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Notice what attracts your children's attention, even if they only look at the pictures. Then build on that interest; ... More
Summary: Lizzie Thompson has lost her cat. One morning, on her way to school, she changed her mind and she was out looking for Waif could be. When Ms. Wiz found her, they sat together in the cafe and came up with a plan. When Lizzie's mom discovered that Lizzie had gone off with Ms. Wiz, she called the police. Who was this woman? Her fears were confirmed when the constable (policeman) told her that Ms. Wiz was an "all-round trouble maker." Meanwhile, in their hunt for Waif, Lizzie and Ms. Wiz discover that catnappers have been stealing all the cats with beautiful coats of fur. But why? This is the fourth book in this illustrated series for newly independent readers.
Type of Reading: bedtime story, family reading, anytime reading, read aloud book, learning to read
Recommended Age: read together: 6 to 9; read yourself: 8 to 12
Interest Level: 7 to 10
Reading Level: 1.3
Age of Child: Read by an 8-year-old girl.
Young Reader Reaction: This title struck a little closer to home for our daughter, and while she would giggle in parts, she was a bit concerned about Lizzie going off with a stranger, even it it was a teacher. She also didn't like the idea of people making gloves out of cats. She would read a bit and then go back to look at the illustrations. She didn't devour this one as quickly.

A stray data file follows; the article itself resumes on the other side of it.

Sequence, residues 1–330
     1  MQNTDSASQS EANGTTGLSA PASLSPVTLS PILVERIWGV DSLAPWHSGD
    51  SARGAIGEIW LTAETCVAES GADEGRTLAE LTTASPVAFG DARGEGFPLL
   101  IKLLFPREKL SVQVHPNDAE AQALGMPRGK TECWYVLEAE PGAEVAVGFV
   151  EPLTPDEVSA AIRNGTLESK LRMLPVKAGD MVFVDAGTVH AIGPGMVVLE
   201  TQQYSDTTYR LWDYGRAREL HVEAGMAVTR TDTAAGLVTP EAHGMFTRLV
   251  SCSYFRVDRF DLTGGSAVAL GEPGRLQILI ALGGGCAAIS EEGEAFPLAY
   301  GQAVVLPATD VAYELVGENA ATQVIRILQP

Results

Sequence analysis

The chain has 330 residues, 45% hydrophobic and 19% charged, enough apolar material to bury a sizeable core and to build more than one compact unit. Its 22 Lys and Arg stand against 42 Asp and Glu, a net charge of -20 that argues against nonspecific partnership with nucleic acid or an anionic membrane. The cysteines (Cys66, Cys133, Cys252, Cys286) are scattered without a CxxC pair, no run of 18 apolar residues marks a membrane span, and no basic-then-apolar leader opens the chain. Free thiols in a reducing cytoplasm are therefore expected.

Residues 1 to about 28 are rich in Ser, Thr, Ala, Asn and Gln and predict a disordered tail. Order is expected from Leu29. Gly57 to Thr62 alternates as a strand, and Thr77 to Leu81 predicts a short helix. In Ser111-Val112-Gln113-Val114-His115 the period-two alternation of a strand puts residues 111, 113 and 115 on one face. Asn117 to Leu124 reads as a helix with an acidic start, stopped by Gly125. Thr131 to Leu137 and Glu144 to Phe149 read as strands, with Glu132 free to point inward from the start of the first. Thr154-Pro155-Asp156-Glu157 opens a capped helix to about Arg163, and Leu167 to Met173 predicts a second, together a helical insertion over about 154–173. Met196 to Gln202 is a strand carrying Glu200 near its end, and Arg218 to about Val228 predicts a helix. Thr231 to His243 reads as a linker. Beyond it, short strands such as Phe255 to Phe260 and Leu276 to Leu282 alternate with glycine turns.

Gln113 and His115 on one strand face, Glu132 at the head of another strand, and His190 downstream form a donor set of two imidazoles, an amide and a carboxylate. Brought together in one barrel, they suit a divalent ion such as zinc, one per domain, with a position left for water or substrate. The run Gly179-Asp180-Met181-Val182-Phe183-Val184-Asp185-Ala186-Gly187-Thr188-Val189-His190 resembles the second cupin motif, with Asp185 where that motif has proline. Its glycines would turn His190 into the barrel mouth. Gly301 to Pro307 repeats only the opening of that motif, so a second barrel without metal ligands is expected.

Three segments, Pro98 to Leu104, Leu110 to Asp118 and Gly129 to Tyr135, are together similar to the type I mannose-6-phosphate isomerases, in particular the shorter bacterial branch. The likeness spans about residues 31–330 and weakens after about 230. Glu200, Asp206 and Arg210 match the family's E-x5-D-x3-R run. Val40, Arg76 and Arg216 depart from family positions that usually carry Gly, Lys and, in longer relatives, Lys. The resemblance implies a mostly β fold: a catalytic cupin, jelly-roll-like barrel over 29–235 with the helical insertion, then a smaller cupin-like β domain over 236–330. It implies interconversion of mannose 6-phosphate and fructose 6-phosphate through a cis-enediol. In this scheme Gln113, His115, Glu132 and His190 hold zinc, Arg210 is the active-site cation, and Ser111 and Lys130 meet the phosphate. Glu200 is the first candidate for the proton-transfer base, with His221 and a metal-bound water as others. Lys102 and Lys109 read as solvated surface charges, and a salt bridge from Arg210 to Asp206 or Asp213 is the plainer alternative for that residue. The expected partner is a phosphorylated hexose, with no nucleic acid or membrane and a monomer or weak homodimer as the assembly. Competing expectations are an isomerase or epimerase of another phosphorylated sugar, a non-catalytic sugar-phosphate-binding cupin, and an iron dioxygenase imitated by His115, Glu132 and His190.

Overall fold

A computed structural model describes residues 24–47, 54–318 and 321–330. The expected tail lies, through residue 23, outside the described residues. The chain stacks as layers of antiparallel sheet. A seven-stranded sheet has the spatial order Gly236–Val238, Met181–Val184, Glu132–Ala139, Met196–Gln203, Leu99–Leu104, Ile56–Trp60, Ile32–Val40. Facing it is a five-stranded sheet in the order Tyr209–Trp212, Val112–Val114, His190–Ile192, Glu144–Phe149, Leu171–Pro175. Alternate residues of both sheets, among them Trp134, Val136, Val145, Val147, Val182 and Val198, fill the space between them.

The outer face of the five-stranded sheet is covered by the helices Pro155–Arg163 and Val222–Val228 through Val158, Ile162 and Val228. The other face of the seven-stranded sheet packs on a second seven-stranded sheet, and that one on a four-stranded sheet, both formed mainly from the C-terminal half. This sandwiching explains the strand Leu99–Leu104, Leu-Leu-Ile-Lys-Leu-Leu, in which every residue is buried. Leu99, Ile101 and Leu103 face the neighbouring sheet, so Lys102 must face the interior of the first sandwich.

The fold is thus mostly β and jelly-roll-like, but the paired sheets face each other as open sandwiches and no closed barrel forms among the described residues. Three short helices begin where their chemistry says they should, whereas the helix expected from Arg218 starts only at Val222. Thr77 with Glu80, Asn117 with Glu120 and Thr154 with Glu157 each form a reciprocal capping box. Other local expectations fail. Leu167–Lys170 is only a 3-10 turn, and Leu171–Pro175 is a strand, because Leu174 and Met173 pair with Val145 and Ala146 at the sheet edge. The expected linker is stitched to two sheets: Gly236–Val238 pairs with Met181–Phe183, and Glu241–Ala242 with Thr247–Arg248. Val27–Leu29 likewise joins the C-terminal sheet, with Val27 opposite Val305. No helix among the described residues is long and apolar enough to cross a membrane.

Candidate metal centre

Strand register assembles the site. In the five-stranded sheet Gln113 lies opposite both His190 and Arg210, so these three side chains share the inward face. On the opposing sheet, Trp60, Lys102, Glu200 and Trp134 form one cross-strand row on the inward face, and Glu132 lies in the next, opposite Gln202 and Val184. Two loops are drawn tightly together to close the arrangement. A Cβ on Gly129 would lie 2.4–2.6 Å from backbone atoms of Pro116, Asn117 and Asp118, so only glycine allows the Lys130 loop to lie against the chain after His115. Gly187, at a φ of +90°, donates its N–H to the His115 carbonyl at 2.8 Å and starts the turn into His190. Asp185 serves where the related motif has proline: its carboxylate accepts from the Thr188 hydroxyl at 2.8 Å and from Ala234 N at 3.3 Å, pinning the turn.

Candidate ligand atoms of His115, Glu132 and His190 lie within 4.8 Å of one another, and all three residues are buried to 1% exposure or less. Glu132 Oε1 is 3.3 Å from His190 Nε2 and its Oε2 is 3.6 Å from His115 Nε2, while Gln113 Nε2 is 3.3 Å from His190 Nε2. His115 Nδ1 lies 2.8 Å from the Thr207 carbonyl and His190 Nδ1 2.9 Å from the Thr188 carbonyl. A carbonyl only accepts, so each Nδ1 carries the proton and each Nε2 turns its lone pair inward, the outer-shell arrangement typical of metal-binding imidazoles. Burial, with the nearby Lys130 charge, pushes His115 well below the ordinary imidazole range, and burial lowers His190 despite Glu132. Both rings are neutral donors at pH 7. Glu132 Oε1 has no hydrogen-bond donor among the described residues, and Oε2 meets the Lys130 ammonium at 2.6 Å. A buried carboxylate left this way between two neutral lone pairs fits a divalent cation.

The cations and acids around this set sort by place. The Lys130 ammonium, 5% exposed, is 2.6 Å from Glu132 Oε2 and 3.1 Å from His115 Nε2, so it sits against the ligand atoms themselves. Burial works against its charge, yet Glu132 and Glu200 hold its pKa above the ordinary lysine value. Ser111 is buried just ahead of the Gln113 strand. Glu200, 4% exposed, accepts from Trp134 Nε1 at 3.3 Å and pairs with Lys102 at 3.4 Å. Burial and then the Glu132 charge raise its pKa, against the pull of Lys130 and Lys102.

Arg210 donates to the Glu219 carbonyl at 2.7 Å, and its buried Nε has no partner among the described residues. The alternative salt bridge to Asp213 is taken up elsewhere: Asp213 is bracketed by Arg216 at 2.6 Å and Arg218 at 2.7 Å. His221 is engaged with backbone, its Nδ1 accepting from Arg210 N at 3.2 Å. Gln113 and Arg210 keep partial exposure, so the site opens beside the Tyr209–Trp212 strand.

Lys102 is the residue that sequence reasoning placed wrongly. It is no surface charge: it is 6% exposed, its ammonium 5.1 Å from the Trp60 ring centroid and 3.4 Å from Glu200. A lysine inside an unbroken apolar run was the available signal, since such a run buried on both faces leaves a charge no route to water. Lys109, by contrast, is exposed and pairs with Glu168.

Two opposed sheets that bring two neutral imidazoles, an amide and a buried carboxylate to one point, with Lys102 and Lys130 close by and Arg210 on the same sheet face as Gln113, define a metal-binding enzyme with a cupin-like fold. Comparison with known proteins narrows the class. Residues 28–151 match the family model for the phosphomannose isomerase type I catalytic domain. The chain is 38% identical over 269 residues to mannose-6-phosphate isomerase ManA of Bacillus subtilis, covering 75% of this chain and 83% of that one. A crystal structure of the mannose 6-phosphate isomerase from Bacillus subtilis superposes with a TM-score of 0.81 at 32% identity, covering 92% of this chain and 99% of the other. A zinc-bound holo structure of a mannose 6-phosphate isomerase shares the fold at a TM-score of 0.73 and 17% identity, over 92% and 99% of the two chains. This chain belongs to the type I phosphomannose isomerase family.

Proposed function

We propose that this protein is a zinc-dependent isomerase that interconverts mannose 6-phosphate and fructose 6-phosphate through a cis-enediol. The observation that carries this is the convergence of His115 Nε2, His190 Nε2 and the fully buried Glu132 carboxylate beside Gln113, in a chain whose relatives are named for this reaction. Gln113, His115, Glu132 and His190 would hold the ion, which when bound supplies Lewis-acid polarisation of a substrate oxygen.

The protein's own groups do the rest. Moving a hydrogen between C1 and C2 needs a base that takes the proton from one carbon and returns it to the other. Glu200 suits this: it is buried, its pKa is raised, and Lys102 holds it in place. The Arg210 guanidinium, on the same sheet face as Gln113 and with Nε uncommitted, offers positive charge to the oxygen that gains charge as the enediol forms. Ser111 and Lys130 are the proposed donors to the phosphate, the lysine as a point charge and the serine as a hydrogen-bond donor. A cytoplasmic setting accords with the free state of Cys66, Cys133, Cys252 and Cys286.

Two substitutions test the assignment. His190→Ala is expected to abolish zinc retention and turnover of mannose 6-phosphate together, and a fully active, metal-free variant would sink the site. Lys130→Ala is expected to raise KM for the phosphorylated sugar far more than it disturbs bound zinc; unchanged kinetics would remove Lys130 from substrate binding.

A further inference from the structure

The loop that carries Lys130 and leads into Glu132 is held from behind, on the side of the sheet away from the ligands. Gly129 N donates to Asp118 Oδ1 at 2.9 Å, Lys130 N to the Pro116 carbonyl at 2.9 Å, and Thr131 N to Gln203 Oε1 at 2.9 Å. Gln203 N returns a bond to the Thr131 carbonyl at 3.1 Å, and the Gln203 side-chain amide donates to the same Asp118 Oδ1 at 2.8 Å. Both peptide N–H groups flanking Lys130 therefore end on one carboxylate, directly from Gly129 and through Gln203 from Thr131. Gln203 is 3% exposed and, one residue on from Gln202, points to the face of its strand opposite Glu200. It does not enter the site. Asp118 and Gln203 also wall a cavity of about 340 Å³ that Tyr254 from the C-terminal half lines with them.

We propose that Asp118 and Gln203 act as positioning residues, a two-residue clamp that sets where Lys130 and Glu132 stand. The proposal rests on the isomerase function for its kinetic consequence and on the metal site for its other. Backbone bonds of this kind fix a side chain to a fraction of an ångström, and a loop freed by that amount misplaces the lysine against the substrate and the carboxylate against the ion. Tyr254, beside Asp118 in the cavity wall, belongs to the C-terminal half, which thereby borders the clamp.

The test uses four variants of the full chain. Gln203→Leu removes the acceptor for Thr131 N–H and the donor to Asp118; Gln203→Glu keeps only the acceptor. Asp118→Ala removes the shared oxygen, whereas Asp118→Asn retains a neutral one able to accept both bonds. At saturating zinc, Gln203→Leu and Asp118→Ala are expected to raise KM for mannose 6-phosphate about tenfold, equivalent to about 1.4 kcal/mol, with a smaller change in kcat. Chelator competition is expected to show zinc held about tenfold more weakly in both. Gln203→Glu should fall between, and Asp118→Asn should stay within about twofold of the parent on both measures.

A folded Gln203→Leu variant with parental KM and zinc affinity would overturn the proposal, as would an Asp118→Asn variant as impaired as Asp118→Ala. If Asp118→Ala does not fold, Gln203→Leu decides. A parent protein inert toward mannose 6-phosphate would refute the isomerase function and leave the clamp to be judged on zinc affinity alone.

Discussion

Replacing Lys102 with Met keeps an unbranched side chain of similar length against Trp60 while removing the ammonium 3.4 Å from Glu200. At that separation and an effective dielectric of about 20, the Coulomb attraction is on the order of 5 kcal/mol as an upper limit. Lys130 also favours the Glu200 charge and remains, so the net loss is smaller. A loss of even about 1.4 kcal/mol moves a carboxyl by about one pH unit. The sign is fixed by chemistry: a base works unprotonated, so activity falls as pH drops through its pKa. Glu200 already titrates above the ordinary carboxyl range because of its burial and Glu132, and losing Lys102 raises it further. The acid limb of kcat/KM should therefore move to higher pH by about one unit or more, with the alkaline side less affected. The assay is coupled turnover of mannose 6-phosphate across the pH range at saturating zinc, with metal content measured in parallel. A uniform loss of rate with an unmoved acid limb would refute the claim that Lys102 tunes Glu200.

Adult Reader Reaction: While I am glad to see that my daughter got the message about stranger danger, I was surprised at her reaction. The story is well presented and the author uses a light hand in explaining the events. There is nothing scary or ominous ... in fact they write a letter to Lizzie's mom.
Pros: Young girls will immediately relate to Lizzie's feelings, and kids will love the imagery of a car that turns into an apartment.
Cons: None, really.
Borrow or Buy: Borrow. This is a pleasant read, but not one you'll come back to frequently.
Educational Themes: This is a book to help readers moving to longer stories. The theme of the lost cat, though, offers several lessons; as does what happens when people judge others without all the facts.
Notes: The publisher donated a copy of this book knowing that we would consider it for review and provide an independent, unbiased profile. This book will be given to a nonprofit to help readers in need.
Literary Categories: Fiction - fantasy, humor, easy readers, series book
Date(s) Reviewed: August 2010
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